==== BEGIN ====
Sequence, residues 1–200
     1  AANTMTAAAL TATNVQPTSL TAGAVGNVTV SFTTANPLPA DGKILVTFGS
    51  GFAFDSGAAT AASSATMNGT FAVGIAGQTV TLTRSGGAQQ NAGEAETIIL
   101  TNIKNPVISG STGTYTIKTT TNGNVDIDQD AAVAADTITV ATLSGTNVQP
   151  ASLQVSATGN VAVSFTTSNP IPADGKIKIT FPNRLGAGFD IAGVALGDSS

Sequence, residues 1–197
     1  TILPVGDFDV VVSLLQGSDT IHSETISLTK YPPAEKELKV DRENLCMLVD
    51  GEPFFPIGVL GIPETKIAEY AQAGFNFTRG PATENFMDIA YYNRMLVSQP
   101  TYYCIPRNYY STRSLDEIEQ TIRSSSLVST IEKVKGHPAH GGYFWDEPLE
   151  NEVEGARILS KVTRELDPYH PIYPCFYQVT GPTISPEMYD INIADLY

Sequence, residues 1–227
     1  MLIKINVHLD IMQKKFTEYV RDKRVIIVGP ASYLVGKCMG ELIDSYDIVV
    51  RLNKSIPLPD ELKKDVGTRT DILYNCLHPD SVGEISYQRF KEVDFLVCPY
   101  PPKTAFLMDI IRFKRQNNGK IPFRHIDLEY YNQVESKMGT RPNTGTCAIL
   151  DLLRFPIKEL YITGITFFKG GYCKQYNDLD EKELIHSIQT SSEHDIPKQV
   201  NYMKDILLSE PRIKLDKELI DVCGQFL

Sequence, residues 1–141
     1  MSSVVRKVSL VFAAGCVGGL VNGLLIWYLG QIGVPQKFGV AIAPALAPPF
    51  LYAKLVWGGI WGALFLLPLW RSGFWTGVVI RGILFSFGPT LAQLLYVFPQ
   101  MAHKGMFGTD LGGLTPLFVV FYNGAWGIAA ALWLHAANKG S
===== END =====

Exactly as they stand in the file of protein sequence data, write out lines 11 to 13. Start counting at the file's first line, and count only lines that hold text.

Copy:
Sequence, residues 1–227
     1  MLIKINVHLD IMQKKFTEYV RDKRVIIVGP ASYLVGKCMG ELIDSYDIVV
    51  RLNKSIPLPD ELKKDVGTRT DILYNCLHPD SVGEISYQRF KEVDFLVCPY